How to Find Endless Cashmere Yarn for Less Than 99¢

This Overlooked Neighborhood Source Is the Best Place to Get Designer-Quality Yarn for Pennies

RJ Jones, an avid knitter known as the Man Who Knits, reveals his ultimate hack for saving $1,000+ per sweater on cashmere, camel hair, and other luxury yarns.

The Surprising Place to Find Designer Yarn That Most Knitters Don’t Even Think About

There’s a Goodwill or Salvation Army somewhere in your town, and hidden in the sweater section is a bargain on yarn that is so genius, you’ll wonder why you didn’t think of it yourself.

RJ Jones, lover of luxury fibers and avid knitter of Irish fisherman sweaters, can’t afford the $1000+ it would cost to buy sweater-quantities of cashmere yarn at his local yarn store.

Mindful of his fixed income, he cleverly shops the Salvation Army every time he wants to knit a new fabulous sweater or cabled hat.

“When I go to the Salvation Army, I am looking for the LARGEST SWEATER that has the most DESIGNER CHARACTER to it that is CASHMERE.”

RJ Jones, the Man Who Knits

He heads to the women’s sweaters section and scours the racks for pure cashmere. Even sweaters that have a hole in them, or a design on the front, can be used – he just uses the back and sleeves.

When RJ gets home, he uses a seam ripper to cut the edge of the sleeve and starts unraveling the yarn onto a ball winder. In just an hour or two, he’s got several neat little balls of pure luxury yarn to knit with, no millionaire bank account needed.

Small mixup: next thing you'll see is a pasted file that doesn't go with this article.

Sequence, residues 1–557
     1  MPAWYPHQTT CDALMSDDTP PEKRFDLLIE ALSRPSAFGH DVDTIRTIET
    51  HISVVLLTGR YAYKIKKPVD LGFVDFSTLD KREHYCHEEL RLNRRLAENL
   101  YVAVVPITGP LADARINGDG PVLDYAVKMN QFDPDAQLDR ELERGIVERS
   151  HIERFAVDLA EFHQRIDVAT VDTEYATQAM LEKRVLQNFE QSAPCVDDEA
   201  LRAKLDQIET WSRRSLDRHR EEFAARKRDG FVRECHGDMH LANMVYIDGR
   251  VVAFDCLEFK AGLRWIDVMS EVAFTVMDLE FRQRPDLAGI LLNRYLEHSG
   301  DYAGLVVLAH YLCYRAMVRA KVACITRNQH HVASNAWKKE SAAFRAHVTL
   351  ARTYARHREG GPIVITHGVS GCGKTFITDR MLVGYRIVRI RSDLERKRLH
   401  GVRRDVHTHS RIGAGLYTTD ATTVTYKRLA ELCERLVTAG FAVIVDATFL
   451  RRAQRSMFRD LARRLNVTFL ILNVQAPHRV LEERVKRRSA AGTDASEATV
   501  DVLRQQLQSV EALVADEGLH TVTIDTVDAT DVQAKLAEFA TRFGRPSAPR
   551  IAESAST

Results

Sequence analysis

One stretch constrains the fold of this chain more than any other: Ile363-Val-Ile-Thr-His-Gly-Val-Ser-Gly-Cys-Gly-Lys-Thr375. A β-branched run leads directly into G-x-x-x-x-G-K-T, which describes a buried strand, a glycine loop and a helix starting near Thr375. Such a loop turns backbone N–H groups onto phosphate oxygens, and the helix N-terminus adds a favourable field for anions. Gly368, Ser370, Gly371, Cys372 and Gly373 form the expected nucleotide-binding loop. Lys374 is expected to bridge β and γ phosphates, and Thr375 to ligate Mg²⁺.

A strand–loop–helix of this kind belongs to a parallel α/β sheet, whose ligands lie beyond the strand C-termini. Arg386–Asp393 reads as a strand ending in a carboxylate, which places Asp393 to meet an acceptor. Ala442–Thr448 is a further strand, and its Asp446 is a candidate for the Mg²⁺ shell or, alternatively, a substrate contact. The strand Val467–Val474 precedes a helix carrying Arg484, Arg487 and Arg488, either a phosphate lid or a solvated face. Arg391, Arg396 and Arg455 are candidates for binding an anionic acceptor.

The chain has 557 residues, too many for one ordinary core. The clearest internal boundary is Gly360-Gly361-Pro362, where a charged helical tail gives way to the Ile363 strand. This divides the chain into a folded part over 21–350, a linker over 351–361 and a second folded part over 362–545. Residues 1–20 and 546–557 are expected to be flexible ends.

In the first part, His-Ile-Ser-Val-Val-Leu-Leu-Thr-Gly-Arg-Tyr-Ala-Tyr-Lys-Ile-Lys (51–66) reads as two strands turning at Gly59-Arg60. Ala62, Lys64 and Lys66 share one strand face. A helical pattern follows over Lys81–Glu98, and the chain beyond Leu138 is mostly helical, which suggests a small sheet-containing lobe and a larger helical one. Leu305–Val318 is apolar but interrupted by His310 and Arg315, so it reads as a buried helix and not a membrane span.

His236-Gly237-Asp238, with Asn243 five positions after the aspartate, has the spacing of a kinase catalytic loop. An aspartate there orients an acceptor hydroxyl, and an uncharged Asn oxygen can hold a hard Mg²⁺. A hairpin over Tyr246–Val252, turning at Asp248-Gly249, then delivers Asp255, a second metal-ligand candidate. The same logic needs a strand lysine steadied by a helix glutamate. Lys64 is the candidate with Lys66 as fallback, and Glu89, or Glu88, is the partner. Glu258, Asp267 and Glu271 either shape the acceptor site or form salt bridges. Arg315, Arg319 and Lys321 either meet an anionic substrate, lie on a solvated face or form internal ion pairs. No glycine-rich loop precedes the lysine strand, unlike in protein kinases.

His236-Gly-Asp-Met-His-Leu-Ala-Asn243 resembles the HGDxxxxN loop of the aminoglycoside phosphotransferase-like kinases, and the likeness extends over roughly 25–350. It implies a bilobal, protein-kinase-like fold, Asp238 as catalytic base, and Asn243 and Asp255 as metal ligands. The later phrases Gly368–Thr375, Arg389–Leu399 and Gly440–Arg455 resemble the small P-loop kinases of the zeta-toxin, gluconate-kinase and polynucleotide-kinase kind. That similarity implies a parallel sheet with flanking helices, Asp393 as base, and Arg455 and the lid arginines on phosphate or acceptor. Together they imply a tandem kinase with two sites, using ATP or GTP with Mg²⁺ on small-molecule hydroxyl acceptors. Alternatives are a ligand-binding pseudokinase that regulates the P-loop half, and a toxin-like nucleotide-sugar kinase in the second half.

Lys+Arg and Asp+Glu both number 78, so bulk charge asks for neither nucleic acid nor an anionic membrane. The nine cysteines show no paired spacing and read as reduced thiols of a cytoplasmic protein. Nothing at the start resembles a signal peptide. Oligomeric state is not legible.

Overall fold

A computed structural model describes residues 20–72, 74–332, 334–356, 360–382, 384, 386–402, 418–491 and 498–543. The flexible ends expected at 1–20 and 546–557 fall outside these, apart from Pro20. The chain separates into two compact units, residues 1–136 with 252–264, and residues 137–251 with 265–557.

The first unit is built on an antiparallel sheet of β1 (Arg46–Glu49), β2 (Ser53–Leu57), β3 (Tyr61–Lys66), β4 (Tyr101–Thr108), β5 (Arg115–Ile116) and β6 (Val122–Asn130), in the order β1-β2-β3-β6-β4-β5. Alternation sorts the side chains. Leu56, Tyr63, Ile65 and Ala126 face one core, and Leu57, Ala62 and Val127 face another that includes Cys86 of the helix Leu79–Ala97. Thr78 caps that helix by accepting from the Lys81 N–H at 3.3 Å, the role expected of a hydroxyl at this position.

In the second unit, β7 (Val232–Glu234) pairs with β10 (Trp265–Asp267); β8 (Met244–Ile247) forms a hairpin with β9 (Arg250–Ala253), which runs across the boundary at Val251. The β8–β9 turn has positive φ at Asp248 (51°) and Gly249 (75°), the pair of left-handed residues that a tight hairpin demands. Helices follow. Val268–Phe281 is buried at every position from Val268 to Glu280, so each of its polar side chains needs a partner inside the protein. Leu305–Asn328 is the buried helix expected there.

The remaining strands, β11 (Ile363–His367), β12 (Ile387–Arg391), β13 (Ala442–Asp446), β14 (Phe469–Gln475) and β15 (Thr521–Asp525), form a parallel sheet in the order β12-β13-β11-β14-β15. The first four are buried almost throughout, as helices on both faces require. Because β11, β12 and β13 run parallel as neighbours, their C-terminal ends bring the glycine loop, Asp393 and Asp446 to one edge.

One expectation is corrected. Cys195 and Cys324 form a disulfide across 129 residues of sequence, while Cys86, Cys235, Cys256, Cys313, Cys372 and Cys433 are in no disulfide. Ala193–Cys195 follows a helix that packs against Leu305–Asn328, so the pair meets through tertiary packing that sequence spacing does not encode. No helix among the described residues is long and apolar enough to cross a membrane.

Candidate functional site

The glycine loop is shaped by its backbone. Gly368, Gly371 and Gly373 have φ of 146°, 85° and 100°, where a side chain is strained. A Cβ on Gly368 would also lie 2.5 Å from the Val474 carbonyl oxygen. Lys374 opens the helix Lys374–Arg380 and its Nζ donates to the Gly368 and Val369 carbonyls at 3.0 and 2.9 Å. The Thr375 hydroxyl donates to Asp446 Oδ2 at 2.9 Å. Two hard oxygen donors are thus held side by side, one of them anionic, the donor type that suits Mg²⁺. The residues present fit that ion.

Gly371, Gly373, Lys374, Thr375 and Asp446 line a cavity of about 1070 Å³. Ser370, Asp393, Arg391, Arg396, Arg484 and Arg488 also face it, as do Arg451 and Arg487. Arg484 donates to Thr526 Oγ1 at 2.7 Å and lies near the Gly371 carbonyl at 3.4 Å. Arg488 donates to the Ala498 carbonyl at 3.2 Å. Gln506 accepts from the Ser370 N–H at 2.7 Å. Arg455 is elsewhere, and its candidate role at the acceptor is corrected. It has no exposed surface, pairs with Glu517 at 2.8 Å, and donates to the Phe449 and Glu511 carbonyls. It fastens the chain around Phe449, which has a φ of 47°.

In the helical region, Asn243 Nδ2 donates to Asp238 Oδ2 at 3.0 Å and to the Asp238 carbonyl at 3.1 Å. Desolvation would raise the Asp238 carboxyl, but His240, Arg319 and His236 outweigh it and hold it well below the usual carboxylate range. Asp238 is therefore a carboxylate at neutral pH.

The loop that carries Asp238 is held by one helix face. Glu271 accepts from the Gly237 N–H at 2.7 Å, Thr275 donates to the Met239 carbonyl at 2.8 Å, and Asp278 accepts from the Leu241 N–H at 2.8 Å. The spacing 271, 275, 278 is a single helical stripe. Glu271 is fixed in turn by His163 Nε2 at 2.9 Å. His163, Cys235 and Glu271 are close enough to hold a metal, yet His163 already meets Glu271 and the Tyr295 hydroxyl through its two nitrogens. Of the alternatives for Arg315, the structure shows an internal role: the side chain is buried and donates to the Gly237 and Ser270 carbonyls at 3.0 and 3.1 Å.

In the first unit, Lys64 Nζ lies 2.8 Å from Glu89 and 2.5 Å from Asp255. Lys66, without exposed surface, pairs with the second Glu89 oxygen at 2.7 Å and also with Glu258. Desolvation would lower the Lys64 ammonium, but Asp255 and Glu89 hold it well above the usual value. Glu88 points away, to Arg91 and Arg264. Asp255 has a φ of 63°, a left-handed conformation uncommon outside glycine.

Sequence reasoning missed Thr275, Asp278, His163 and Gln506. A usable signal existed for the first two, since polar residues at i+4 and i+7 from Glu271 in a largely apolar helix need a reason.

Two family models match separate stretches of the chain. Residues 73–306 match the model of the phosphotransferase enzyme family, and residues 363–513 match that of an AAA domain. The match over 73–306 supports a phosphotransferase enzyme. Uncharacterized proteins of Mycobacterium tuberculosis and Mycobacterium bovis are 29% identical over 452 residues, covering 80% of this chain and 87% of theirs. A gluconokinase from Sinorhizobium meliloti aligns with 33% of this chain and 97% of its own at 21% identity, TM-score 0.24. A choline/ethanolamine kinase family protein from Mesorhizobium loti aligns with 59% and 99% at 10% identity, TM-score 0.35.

“If I’m gonna pay 99 cents for a sweater, I’m gonna definitely get all the wool I can.”

RJ Jones, the Man Who Knits

This Genius Hack Prevents You From Going Bankrupt on Yarn

When you’re on a fixed income and love to knit, you usually can’t afford cashmere yarn in sweater quantities.

The 17 skeins, for example, of Rowan Pure Cashmere Yarn you’d need to knit a large men’s sweater (2,665 yards) would cost you $1,190!

But with this amazingly simple trick, all you need is a ball winder and a few hours of your time to start knitting.

Gift a Cashmere Hat or Mittens for Friends and Family for Pennies

With this trick, you could easily knit small projects for friends and family members without breaking the bank. The gift would be of your time and skill in knitting the item, not how much you can afford to spend on yarn!

Please leave me a comment and let me know how interesting this was for you, on a scale of 1-10. What was the most interesting thing about this for you? Thank you!

Thank you so much for your feedback and see you next Wednesday with another eye-opening video clip.


Many thanks to Broad and High for posting the original interview. You can watch the full 5-minute video and learn more about how RJ got started knitting here:

Update 11/9/23: How to Wash Yarn and Remove Kinks Before Reusing

Several readers commented asking how to remove kinks in the yarn, or what do to if the yarn should be washed. This blog post with photos by We Are Knitters explains exactly how to wind the yarn loosely into a hank and then soak it to remove kinks before hanging it on a hanger to dry and then winding it into a ball for knitting.